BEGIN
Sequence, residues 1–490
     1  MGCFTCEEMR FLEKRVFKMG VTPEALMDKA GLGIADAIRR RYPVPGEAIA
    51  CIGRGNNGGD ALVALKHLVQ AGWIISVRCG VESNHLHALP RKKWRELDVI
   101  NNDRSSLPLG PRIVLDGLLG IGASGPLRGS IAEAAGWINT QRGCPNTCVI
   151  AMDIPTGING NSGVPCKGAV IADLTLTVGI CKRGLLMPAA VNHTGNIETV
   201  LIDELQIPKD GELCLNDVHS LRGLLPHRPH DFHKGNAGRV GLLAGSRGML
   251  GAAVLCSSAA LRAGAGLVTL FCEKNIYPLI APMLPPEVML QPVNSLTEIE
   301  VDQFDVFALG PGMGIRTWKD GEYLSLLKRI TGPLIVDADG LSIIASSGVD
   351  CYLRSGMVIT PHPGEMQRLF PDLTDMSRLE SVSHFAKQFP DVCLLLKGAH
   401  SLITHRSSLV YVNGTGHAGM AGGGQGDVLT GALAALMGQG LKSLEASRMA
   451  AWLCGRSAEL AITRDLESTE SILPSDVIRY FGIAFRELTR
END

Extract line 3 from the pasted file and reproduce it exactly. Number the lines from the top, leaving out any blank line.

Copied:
    51  CIGRGNNGGD ALVALKHLVQ AGWIISVRCG VESNHLHALP RKKWRELDVI